• County commissioner Fred Ndunga has insisted that the county has no confirmed case despite reports that a woman from Kandara was circumcised by her husband.
• Women are reportedly paying doctors to circumcise them after joining cults.
Security officers in Murang’a have been urged to stem rising cases of female genital mutilation before the practice gets out of hand.
Officials from the Federation of Women Lawyers-Kenya and Anti-FGM Board have expressed concerns that the county may become a hotspot should sufficient measures not be taken to stop the vice.
Anti-FGM Board CEO Berandette Loloju termed it vital for security officers to stop denying that the practice is being carried out.
County commissioner Fred Ndunga has insisted that the region has no confirmed FGM case despite reports that a woman from Kandara was circumcised by her husband.
The mother of three told journalists that her husband joined a cult and then came home on June 12 with a group of men who held her down and cut her and fled before they could complete the process after she cried for help.
Women who took her to hospital said she was bleeding profusely.
There are reports that several cults are luring women to the cut with the promise that the practice would ensure they have a good life and eradicate chronic problems they face such as illnesses and domestic issues.
As a result, women are reportedly approaching medical officers and paying to have the cut done in medical facilities.
Loloju appealed to doctors to stop perpetuating the practice, especially now that they understand its health implications.
The CEO said it only takes about 10 minutes for a woman to be circumcised but many victims have had to seek reconstructive surgery following complications.
“Reconstructive surgery will take a minimum of one hour depending on how the cut was made and costs hundreds of thousands of shillings. This is why we are emphasising preventive measures,” she said.
Communities that are known to practise FGM want it stopped, hence counties such as Murang’a cannot be seen to be perpetuating it, she said.
Loloju said the board is working on a mobile phone app to be used by children at risk of FGM as the county races to beat the 2022 deadline imposed by President Uhuru Kenyatta to eradicate the practice.
Fida Kenya deputy director Wanjiru Kamanda said the organisation, which fights for women’s rights, has received distress calls from women in Murang’a reporting incidents of gangs of men threatening to circumcise them.
Fida has rescued several women, but there is a need to address the practice before more women are cut, she said.
Wanjiru spoke during a meeting with administrators at Murang’a Teachers Training College. She termed it important for men and women to understand how FGM affects life.
“There are instances where the cut is perpetrated by the husband who is supposed to be the protector,” she said.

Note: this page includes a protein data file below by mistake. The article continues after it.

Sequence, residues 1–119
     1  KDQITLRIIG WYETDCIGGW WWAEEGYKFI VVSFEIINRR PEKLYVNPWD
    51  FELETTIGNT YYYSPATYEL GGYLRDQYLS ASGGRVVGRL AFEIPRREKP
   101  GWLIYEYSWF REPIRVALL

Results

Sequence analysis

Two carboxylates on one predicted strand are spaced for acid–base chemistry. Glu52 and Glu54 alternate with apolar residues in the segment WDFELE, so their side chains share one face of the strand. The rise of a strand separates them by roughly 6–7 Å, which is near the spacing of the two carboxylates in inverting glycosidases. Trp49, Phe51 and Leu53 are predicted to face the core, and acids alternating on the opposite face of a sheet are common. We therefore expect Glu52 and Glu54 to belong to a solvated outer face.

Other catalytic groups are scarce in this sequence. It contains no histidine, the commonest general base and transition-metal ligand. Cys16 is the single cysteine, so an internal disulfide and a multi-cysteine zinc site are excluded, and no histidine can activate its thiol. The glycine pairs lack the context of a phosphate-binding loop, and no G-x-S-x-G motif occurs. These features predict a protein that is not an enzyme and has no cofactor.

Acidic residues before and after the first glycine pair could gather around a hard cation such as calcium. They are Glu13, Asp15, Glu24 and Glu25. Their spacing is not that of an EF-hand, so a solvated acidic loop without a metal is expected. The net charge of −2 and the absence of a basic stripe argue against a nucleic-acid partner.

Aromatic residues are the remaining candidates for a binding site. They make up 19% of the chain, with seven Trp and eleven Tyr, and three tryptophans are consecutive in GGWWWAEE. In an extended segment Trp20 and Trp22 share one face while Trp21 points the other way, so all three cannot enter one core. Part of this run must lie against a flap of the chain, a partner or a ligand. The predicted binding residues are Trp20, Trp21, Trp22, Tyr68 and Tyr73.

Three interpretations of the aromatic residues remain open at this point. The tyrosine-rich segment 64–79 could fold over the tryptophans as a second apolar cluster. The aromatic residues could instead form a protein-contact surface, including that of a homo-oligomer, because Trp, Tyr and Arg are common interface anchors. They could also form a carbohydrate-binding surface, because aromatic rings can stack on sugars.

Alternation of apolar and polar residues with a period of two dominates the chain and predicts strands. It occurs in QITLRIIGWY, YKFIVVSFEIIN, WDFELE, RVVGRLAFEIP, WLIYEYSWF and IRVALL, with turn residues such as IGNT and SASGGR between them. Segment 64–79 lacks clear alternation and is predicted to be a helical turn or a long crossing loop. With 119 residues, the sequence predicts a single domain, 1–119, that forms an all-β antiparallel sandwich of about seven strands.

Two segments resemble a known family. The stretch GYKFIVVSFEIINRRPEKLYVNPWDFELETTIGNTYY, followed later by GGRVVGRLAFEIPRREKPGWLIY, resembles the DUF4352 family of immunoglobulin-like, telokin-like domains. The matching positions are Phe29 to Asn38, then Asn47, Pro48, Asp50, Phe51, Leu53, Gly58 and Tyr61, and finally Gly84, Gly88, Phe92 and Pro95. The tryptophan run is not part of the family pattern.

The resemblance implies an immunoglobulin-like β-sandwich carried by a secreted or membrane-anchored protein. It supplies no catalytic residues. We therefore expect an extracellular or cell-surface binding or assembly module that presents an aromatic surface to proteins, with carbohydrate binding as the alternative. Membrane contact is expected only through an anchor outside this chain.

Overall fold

Since last year, Fida-Kenya has handled more than 8,500 cases of gender-based violence, most of them being cases of defilement and violence involving intimate partners.
Wanjiru said the healthcare systems are already suffering because of the Covid-19 crisis, thus men should not create another crisis that will leave medical facilities overstretched.
Samuel Kimani, a gynecologist and lecturer at the University of Nairobi, said research indicates that the national FGM prevalence is 21 per cent.
In 2014, 12 per cent of women aged between 15 and 49 underwent the cut, while under-fifteen girls accounted for 0.2 per cent.
“The danger with the cases of older women being circumcised is that there is a likelihood that they may also have their daughters cut,” he said.
With FGM, a woman risks getting infections that may cause kidney failure and maternal deaths.
Sexual intercourse also becomes a challenge for such women given the ensuing psychological problems, Kimani said.
The four types of FGM include clitoridectomy that involves the removal of the clitoris. Type two is excision, which involves the removal of part or all of the clitoris and the inner labia.
Type three FGM is known as infibulations, the most pervasive form of FGM involves almost complete closure of the vaginal orifice and makes it hard for a woman to pass urine. Type four involves practices like pulling, pricking, and incising.
Murang’a Woman Representative Sabina Chege said some cults are hiding behind culture to perpetuate the backward practice.
“We only used to hear stories of FGM, but it is important for people to understand what it means to a woman’s life when it happens,” she said.
Chege said some of the people who cut women do not even know what they are cutting and the organ becomes a scar.
She reiterated that cults are causing educated women to go through the cut in hospitals and asked security officers to stop the practice.
Edited by F'Orieny